Anita: Unlike her neighbor, I do not believe our protagonist is willing to throw away all of her own baggage (the memories of the overbearing mother, the loss of her father, the failed relationship) in order to find love and companionship. Rather, like the objects the neighbor discarded and she claimed, she will continue to hang on to her solitude, her aloneness. The narrative arc just doesn't seem to suggest an out.
Meave: No, so far I'm expecting what she's expecting: more of the same. A vaguely Italian-flavored rut.
Anita: But more importantly, I do think she believes her current state is one of much improvement over her past. Better to be alone than with an overprotective, domineering mother. Better to be alone than be like her friend with the husband who monopolizes the conversation. Better to be alone than to have big public fights with your spouse about taking a walk. Better to be alone than be with a needy, cheating boyfriend. So, I'm not terribly hopeful for our narrator.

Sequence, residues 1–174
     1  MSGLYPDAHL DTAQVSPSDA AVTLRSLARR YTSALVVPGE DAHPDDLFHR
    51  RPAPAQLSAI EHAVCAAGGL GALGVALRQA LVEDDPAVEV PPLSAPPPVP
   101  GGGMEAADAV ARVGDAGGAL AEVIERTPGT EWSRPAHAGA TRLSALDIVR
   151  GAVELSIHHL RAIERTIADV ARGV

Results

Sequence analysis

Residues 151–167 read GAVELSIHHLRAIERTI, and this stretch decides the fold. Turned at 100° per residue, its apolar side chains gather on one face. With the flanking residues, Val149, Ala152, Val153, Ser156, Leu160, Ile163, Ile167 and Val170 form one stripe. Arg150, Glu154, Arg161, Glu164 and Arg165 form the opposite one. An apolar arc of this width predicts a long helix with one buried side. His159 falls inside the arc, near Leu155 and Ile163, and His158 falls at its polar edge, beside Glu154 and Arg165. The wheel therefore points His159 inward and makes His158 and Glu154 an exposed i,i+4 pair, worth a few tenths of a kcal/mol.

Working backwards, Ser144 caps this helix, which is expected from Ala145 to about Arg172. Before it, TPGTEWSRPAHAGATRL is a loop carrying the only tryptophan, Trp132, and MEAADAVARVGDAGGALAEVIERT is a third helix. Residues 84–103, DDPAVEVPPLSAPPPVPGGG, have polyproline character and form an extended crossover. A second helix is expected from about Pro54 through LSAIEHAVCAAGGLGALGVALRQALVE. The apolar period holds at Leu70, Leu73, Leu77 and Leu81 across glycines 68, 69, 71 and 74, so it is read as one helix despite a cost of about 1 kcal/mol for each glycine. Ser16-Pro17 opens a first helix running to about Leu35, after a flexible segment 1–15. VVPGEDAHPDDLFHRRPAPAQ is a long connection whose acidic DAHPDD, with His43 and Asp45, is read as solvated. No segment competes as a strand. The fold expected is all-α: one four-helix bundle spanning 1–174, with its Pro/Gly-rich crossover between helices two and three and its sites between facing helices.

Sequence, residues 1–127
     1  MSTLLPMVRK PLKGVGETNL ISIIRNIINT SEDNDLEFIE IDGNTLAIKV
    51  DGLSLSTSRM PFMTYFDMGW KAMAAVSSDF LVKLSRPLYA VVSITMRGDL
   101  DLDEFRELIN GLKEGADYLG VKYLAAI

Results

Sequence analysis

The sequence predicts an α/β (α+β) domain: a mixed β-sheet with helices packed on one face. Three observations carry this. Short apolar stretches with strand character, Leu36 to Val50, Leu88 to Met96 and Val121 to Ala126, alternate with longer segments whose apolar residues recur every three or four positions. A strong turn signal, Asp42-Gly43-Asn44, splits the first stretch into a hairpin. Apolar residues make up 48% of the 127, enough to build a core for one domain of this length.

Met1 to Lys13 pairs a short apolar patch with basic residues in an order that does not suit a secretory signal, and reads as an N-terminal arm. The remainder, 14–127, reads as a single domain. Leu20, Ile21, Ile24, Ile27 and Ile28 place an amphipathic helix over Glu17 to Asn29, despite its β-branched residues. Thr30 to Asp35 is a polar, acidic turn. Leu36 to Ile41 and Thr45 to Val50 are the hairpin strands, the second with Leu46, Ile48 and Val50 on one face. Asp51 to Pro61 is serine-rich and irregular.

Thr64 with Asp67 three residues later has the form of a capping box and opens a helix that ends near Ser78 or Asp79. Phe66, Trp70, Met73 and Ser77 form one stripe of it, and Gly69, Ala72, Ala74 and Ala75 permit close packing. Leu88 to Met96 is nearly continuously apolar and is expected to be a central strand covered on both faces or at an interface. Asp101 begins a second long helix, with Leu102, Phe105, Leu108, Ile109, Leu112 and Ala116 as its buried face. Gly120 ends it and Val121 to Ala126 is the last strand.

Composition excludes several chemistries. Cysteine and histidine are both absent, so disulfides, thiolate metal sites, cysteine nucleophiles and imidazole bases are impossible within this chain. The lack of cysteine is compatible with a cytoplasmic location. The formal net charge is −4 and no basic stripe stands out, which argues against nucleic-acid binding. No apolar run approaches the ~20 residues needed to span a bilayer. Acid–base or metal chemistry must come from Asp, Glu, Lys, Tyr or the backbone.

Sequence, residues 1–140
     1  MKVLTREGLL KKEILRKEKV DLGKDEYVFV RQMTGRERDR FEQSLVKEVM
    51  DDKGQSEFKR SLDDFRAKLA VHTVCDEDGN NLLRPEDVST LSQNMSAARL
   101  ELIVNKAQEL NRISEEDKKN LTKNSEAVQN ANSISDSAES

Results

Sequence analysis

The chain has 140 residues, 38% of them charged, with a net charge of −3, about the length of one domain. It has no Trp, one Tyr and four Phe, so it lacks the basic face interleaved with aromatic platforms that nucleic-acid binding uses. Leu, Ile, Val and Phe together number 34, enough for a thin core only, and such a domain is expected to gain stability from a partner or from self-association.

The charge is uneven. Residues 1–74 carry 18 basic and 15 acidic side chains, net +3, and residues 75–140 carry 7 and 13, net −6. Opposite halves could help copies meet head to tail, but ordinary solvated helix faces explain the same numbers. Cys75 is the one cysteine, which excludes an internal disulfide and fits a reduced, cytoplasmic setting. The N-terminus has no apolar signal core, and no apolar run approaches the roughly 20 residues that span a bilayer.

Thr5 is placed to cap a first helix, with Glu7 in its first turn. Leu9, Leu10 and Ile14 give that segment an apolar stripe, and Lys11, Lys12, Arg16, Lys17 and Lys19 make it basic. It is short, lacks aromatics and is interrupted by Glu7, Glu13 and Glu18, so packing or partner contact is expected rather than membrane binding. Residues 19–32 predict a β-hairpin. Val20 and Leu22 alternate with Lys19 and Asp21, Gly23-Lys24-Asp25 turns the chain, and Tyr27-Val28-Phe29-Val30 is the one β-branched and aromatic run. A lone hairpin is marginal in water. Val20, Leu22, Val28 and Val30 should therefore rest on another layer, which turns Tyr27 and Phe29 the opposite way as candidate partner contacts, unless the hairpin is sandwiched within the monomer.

Meave: It sounds like you're saying our narrator has trouble living between extremes; accepting gray areas is hard to learn at any age. I wonder if her happy, or acceptable medium is her plodding, unchanging, solitary life.
Anita: In many ways, I am looking forward to finding out if I'm wrong. For a book with such a minimal plot and such a depressed narrator, I like being this close to a character. I feel like I know her and wish I could reach out through the pages and show her another way to be.
Meave: Anita, you're the one of the most generous readers I've had the pleasure of discussing a book with. Thank you so much for joining us! Everyone else, we'll meet you in the comments and then back here next week for the rest of Whereabouts, when it'll also be time to vote to send your favorite of July's books to the final poll.
The Camp ToB 2021 Calendar
- June 2: No One Is Talking About This through part one
- June 9: No One Is Talking About This to the end
- June 16: Detransition, Baby through chapter four
- June 23: Detransition, Baby to the end
- June 30: Klara and the Sun through part three
- July 7: VACATION
- July 14: Klara and the Sun to the end
- July 21: Whereabouts through "At the Cash Register"
- July 28: Whereabouts to the end
- Aug. 4: Peaces through chapter eight
- Aug. 11: Peaces to the end
- Aug. 18: Everyone Knows Your Mother Is a Witch through page 137
- Aug. 25: Everyone Knows Your Mother Is a Witch to the end
- Sept. 1: Announce summer champion
You can find all our summer titles at our Camp ToB 2021 Bookshop list.